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Boosting the Strategic Value of Customer Interaction

 
By Brad Cleveland

 
Delivering effective customer service is not a program, a back office function or an initiative – it’s a way of doing business that produces value for customers and the organization.

One of the most important leadership priorities in today’s uncertain economic environment (and, for that matter, in any economy) is to ensure that your customer contact center delivers maximum strategic value to your organization. That, in turn, is what will get you the support you need from colleagues across the organization. It’s what will secure adequate funding, and will facilitate the means to attract the talents required. And it will help you hurdle any notion that the operation is a cost center that merits only minimum investment.

There is a specific mindset that has been cultivated in leading organizations: They know that providing great customer experiences is not a program, an initiative, a department, or a specific set of capabilities; it’s much more – it is a way of doing business that spans the entire organization. When customer service is seen through that lens, it underscores the responsibility and opportunity of every functional area.

The contact center’s contributions generally fall into eight areas:

1. Boosting customer satisfaction and loyalty. The contact center ensures that the organization is “easy to do business with,” which helps measurably bolster customer satisfaction and loyalty. As customers shop around, new social media channels proliferate, and competition for wallet share sharpens, this becomes more essential.

2. Improving quality and innovation across the organization. By capturing a constant stream of data from individual contacts, the center can pinpoint quality problems early and capture customer input that can lead to significant product, service and customer-communication innovations.

3. Better leveraging marketing initiatives. By tracking buying trends, capturing customer feedback and analyzing demographic information, marketing campaigns can be focused around a better understanding of customers’ real needs and wants.

4. Enabling more focused products and services. By capturing and analyzing customer comments and input, customer interaction can help the organization to design products and services that resonate with them.

5. Delivering efficient services. Efficient service delivery is a fundamental role of contact centers, as they pool resources (people, processes and technologies) in order to provide on-demand assistance efficiently and effectively.

6. Encouraging the use of self service systems. Contact centers not only provide support to customers who need help with Web, mobile, or IVR services – they also capture information that can help improve the systems themselves, and are instrumental in giving customers the encouragement and confidence to use them.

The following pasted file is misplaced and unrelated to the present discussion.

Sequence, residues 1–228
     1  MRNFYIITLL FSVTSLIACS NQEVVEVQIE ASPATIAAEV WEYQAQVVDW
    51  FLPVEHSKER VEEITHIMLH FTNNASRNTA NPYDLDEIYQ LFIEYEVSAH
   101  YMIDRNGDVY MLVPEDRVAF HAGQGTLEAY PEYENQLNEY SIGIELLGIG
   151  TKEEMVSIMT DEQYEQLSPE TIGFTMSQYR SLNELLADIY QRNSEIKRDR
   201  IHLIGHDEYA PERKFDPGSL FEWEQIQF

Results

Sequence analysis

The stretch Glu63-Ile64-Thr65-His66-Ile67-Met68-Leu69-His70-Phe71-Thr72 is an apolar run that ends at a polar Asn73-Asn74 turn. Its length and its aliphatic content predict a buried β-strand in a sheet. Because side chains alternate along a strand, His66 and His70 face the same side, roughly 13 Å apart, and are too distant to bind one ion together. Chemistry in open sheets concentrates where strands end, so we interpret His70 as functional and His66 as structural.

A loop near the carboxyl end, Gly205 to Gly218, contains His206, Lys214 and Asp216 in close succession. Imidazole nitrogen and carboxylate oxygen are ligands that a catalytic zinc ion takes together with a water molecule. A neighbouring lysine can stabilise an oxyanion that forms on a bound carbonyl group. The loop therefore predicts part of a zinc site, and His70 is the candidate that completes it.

7. Preventing further escalation. Think of this one in the reverse: One of the unintended consequences of simply cutting services across the board is that customers find alternative routes into the organization – ultimately burdening individuals and departments throughout with new and distracting workloads, and resulting in poor or inconsistent service.

8. Contributing to additional revenue and sales. By enabling customers to reach agents who are trained in relationship building skills, the contact center can provide powerful up-selling and cross-selling opportunities.

In short, there’s far more value to handling customer contacts than improving the satisfaction and loyalty of customers. That’s a vitally important part of it – but working with other business units is where you really begin to leverage the opportunity to deliver service that can differentiate in a tough market.

So, how do you build the potential of customer interaction, to deliver value? Start by developing good working relationships with the individuals who run other areas of the organization. Learn about their goals and objectives and how the contact center might best support their needs. And work on cultivating an understanding of the contact center’s role and cross-organization value (this takes time and persistence – stay with it!). Ensure that the prevailing perspective is that the role of the contact center is to positively and constructively serve, not just to point out problems with processes, products and services in other areas.

You will also need to build a team that is focused on capturing, analyzing, sharing and using value-added information across the organization. Ensure the information is useful and usable, based on an ongoing commitment to understand business requirements. And an important enabler is to make sure that quality at the point of customer contact is given the broadest possible definition — e.g., that coaching, monitoring and objectives at the agent level support strategic opportunities.

Every customer interaction your center handles provides implicit and/or direct insight into processes, products, policies, services, customers and the external environment.

Copyright 2015, Brad Cleveland.